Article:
Date: 29 Mar 2007 11:55:45 -0700
On Mar 29, 9:44 am, "Aloha Kakuikanu" <aloha.kakuik..._at_yahoo.com>
> On Mar 29, 10:28 am, "Marshall" <marshall.spi..._at_gmail.com> wrote:
> > I think the current situation with regards to BNF not being a
> > widely held technical skill has a lot to do with the historical
> > situation regarding transformation into LALR etc. That is
> > not only "labor intensive, manual" but also cognitively difficult.
> > Consider trying to explain to someone the difference between
> > shift-reduce conflicts and reduce-reduce conflicts, for example.
> This is again declarative versus procedural. BNF is declarative
> description of the language, while automata is procedural. Automaton
> processes one symbol of the at a time, and I never has been able keep
> my mind focused on the intricacies of state management and
> backtracking. BNF describes what rules a whole set of strings obeys
Really? I have found backtracking (at least in parsers) to be relatively easy to think about. I am speaking of a system in which one writes a grammar in EBNF and a backtracking parser is generated for it. I am not saying it ever surprises me, but I've generally found it easier to work with than other parser solutions.
Backtracking parsers also have the advantage of unlimited lookahead. Not that you necessarily want to make regular use of that, but occasionally a rule with some modest amount of lookahead is very, very convenient, compared to having to have the first token in every rule of a production be determining.
> > Lately we hear a lot about Earley parsing and other techniques.
> > Also, the trend lately is for scannerless parsers, or at least
> > parsers generators where the scanning and the parsing are
> > described by a unified format.
> CYK is conceptually simpler method. Maybe the reason why I like it so
> much is because in the essence CYK is calculating transitive closure.
Wow, I don't think I've come across that one before. I'll have to look it up.
> > For myself, I have high hopes for the wider adoption of parser
> > generators through the vehicle of backtracking parsers. They
> > have poor worst-case performance, but typical performance
> > is fine. In fact my understanding is that if you give an ll(1) grammar
> > to a backtracking parser generator it will generate a parser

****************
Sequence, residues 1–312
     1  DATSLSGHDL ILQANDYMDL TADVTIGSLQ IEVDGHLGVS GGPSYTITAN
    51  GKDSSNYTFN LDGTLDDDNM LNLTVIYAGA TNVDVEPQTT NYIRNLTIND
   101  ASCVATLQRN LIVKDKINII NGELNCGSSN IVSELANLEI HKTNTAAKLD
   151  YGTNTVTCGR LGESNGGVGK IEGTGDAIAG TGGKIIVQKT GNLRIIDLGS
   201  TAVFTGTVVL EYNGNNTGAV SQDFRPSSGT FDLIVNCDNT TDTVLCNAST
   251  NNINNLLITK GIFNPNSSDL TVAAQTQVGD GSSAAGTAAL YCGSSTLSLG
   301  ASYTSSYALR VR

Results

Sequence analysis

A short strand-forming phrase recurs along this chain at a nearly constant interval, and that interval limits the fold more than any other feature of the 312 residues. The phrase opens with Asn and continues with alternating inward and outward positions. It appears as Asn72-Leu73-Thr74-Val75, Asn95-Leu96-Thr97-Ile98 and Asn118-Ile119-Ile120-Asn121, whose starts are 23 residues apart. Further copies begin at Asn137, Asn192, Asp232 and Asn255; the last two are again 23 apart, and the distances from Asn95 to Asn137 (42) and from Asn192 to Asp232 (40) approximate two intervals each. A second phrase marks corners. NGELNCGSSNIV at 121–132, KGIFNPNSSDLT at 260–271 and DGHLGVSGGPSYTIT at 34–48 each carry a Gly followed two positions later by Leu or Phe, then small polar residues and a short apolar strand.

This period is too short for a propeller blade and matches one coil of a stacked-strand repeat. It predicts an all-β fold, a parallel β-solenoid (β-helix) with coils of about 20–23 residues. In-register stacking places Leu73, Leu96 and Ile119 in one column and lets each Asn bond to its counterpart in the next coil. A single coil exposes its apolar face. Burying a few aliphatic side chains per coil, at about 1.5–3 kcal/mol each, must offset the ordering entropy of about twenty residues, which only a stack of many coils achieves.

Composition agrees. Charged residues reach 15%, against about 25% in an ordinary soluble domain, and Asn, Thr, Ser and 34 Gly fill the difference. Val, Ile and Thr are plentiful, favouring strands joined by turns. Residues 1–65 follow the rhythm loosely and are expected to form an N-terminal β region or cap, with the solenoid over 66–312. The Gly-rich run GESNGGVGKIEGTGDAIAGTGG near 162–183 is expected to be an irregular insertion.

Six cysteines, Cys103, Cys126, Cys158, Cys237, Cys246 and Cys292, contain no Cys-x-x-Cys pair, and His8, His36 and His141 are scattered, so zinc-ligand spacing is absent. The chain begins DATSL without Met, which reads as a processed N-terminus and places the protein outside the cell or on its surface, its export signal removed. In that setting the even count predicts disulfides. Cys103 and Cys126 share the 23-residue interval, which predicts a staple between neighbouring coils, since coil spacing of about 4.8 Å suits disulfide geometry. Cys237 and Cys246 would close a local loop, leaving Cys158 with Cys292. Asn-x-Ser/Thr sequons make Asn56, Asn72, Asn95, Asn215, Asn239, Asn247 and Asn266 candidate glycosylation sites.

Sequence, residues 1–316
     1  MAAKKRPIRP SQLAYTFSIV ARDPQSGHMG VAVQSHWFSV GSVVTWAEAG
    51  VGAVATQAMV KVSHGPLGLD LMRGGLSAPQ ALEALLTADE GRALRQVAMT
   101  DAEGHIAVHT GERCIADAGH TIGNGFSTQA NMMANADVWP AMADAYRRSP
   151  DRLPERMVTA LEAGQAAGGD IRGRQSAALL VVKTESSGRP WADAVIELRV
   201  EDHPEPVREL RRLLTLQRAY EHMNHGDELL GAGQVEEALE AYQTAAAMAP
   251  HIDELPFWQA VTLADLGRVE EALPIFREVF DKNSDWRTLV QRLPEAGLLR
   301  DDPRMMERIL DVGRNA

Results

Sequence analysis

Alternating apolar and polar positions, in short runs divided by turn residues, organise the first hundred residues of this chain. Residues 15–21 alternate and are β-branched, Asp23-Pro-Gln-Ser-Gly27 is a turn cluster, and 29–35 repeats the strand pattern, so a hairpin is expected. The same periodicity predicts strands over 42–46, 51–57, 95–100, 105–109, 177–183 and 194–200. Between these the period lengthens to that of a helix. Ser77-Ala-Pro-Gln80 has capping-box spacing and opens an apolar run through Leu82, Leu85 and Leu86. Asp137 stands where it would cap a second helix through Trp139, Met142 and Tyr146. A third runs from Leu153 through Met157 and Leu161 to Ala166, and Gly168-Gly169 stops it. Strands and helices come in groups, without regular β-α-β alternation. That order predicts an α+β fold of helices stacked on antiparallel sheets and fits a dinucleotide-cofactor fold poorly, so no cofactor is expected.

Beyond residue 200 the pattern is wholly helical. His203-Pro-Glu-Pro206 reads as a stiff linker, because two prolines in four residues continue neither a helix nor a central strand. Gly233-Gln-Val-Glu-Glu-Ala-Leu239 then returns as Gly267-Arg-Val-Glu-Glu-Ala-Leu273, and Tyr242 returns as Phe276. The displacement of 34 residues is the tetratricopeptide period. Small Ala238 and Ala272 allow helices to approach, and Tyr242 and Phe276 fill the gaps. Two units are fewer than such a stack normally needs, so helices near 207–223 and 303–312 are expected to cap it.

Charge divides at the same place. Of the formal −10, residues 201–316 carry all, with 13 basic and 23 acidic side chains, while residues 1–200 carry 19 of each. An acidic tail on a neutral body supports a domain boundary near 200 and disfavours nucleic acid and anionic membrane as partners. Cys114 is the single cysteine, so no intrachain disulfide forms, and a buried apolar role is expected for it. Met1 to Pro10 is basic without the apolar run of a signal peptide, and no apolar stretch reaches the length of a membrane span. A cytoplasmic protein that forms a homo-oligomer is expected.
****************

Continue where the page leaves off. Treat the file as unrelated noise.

> > as good as what you would get out of a parser generator
> > that *only* accepted ll(1). The advantage of the backtracking
> > parser is that it will accept a much wider range of grammars,
> > making it more accessible to everyman.
> It is not only the parser engine implementation. The BNF language
> should be improved as well. Two operations is good to advance the
> theory, but practice need a rich set of killer operations.
But can't this be done with just syntax? Every fancy construct in every variation of EBNF I've seen is expressible as some combination of conjunction and disjunction.
Certainly some things like default whitespace handling are desirable. Being able to switch parsing contexts (like for handling being inside comments differently) is unnecessary with scannerless parsers. Oh, and automatic AST building would be great! Having to write actions for every rule is an annoying drag, and could be fully automated.
Here's something: I want productions to be first class entities! That means that productions can composable. (And generated at runtime, although it is less clear whether this is useful.)
First class productions paves the way for parameterizable productions. This doesn't necessarily sound useful at first but once you start to use it it's awesome. There tends to be some self-similarity in grammars that is not capturable currently; BNF has no abstraction facilities.
A simple example:
one_or_more(sep, rule) : rule ( sep rule )* ;
Now the idea of "one or more with a separator" is a first-class construct.
one_or_more(",", expr) // one or more comma-separated expressions
one_or_more(";", stmt) // one or more semicolon separated statements
That "rich set of killer operations" can now be a "standard library" of parameterized productions, reducing the need to tweak the syntax too much, or to try to anticipate every grammars' future needs.
> > Another gripe I have is a common limitation with the handling
> > of different recursivity of rules. A top-down parser cannot
> > handle a left-recursive rule, a bottom-up parser can't handle
> > a right recursive rule. Left recursive rules rules naturally model
> > right associative operators; right recursive rules naturally
> > model left associative operators. Almost every language of
> > interest will have both left associative and right associative
> > operators. Yes, there are transformations you can do that
> > will turn one into the other, but those are, again, manual
> > and labor intensive, not to mention cognitively complex.
> I'm past the state where I evaluated off the shelf parsers. CYK
> algorithm is so simple, that even mediocre programmer can code it.
> Likewise, Earley. They are a bit slower, but history always proves
> that programmer time is more valuable than the machine.
I've always found recursive descent dead simple, and it's extremely easy to understand the relationship between the grammar and the implementation. Likewise backtracking recursive descent.
Have to read about CYK.
Marshall Received on Thu Mar 29 2007 - 20:55:45 CEST